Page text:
Valve to market DotA: Does anyone care though?

So according to the water cooler chatter, super-giant Valve’s next title is to be based off of the community-heavy modification known as Defense of the Ancients. For those of you who don’t know what that is, then allow me to provide a brief (I promise it’s brief) overview. Defense of the Ancients, or DotA from henceforth, is a popular mod that any RTS that includes a map editor of sorts likes to sport. The objective of the game is to push around your units known as “heroes” that level up much like in an RPG-ish sort of way to destroy the opposing enemy’s base. There are two teams to the game and AI units that spawn periodically to help you in your attacks. Basically it’s Base Assault with player perks.

The first known documentation of the mod started in Starcraft, but its “true” mutation and concept is proclaimed to have stemmed from Warcraft III. Indeed, the mod was so popular within the WC3 community that it spurned numerous reiterations in everyone’s own vision of how the game should work. From this spawned a metric-ton of alternate game modes, with DotA Allstars prevailing above them all to what the norm should be for the genre.

Now, to anyone who doesn’t play WC3, very few people really care about the mod, especially considering it can be found in every walk of life in every other modern RTS out there today. However, that hasn’t stopped the popular mod from claiming a community that is hailed as one of the worst. Known for its brutal treatment of newbies, DotA quickly fell into a niche when years passed and everyone else realized some other RTS games besides WC3 had come out. Either way, it’s been a free mod for some years now. Which brings the most obvious question: who gives a shit?

If you’ve played DotA and you’re not a rabid fan, then you understand that DotA is much like any other popular custom game—it’s solid with its rules and structures, but you’re not going to sit around days on end playing it until you’re 67 years old. After all, there’s very little variety to a straight-shoot objective-based game type that’s as simple as Forrest Gump. Of course every rabit DotA fan would vehemently disagree, which brings me to my second point.

One of Valve’s “brilliant” ideas to make this more than just a selling of a free mod is their plan to include a “Coach” system that allows experienced DotA players give tips through chat or through the use of a mic to new players. Of course anyone who has played DotA can tell you what a terrible idea this is. It’s the veteran DotA community that is the worst. Why exactly would anyone want some neckbeard screaming in your ear at how much of a noob you are for idling for a single second? Although I suppose since the DotA community is in an uproar over this might save us of that trouble. Then again, the game may turn out to be completely different.

I think the biggest problem to this whole thing is that Valve actually picked this up and is trying to make it out to a marketable game. Is Valve capable of producing a title that wasn’t first conceptualized by the community? Considering the Half-Life series remains their only original title, I guess the verdict is no. Which brings a better question: where the hell is Episode 3? Still no mention to the finishing of Half-Life 3’s Half-Life 2’s story, as Valve seems more concerned with creating another throwaway multiplayer mod game (Day of Defeat and the L4D series would like to know when they will be getting TF2-esque updates). Please Valve, stop making two-hour tech demos and four-map multiplayer games that you quickly forget about and focus what you’re good at—the Half-Life series.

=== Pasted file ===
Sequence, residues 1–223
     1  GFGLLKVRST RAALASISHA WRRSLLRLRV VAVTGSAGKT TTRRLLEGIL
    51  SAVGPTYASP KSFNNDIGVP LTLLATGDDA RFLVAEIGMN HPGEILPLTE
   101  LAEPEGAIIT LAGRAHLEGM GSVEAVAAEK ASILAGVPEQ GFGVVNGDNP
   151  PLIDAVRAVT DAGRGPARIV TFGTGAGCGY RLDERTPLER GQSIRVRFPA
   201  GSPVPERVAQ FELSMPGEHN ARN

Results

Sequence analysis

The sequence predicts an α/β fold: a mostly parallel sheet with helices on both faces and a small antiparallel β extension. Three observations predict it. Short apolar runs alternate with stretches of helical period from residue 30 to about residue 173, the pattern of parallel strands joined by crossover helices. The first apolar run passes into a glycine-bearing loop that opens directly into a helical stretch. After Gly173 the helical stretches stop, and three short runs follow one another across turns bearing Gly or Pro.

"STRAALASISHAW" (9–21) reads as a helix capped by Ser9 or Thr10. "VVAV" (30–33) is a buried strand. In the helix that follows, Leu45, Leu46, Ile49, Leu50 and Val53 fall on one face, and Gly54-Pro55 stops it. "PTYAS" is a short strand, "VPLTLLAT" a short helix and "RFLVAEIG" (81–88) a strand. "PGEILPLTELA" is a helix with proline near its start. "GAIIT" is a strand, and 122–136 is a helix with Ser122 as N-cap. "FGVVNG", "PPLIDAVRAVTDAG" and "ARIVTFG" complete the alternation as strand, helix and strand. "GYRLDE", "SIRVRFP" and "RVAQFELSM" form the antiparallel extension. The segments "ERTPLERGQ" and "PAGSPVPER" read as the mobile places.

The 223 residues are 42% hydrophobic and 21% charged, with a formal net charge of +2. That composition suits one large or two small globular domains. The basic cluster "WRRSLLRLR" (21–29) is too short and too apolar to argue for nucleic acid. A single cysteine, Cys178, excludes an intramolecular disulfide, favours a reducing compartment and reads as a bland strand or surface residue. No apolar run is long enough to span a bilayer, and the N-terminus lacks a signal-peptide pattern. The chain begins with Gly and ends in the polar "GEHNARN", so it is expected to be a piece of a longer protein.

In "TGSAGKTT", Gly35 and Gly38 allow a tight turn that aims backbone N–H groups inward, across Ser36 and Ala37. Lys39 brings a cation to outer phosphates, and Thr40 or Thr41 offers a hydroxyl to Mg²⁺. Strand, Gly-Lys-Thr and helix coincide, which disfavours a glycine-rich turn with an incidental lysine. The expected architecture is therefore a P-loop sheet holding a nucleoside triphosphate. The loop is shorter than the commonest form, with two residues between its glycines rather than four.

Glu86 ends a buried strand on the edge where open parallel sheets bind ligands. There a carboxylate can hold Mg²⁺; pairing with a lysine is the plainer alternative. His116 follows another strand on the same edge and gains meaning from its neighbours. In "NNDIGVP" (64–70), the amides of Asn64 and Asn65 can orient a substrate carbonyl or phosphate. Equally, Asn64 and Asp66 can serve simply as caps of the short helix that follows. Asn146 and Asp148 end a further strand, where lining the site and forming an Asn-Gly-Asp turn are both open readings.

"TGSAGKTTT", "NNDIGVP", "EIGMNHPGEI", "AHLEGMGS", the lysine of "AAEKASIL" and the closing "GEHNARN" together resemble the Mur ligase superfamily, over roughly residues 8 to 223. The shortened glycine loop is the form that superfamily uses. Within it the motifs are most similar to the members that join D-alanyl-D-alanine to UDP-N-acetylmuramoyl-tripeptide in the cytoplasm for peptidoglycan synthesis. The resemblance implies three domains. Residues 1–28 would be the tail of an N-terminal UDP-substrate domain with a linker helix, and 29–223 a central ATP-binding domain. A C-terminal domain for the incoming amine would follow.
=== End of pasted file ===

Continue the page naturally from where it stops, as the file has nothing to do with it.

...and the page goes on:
There's a good idea! Just had to adjust the Valve...

 

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About Agamemnon
Started blogging back in 2007 amidst that whole Hellgate: London fiasco on a blog known as flagshipped.com. Eventually moved on to do my own thing in December 2008 at gameriot.com and started Caveat Emptor there. Wrote there for six months, gained some notoriety, and then left. Now I'm back.

2 Responses to Valve to market DotA: Does anyone care though?

  1. rossc90 says:

    Don’t worry. Valve is working on some iteration of Half-Life. Just because they haven’t announced it with ribbons and confetti doesn’t mean that they’re just ignoring production on it. It’s completely possible to run a company that is working on multiple projects. As for picking up Dota, it’s a good deal. I see it not as a way of making it a marketable game, but polishing a already existing genre of community mods. Majority of other Valve IPs are based off other ideas from other people. More importantly, I believe Dota 2 will be a way to showcase how Steamworks and other Steam features can work in order to encourage more independent developers to publishing their games on Steam.

    I’m totally cool in being patient for the next iteration of Half-Life. I’d rather them take their time than rush out something to please people.

    • Agamemnon says:

      Is there something I’m missing? It’s been three years since Episode Two. What would warrant a “rushed production” in your eyes? If the game was put out before I qualify for AARP discounts? Episode Two was announced a year and a half before it was released. If they were actually working on it, they would have said as much by now, especially around the holiday seasons. All the video game expos have passed and there wasn’t a single mention–I think it’s pretty safe to say they’re more focused on Portal 2 and now this as well.

      I’m a little tired of power hitters like Blizzard and Valve claiming the reason they delay games to ungodly lengths is because they are “perfecting” the product. When you have an army of professionals and enough money to buy a couple of countries in Africa behind you, I don’t expect five-year production queues, especially for a two-hour Episode.

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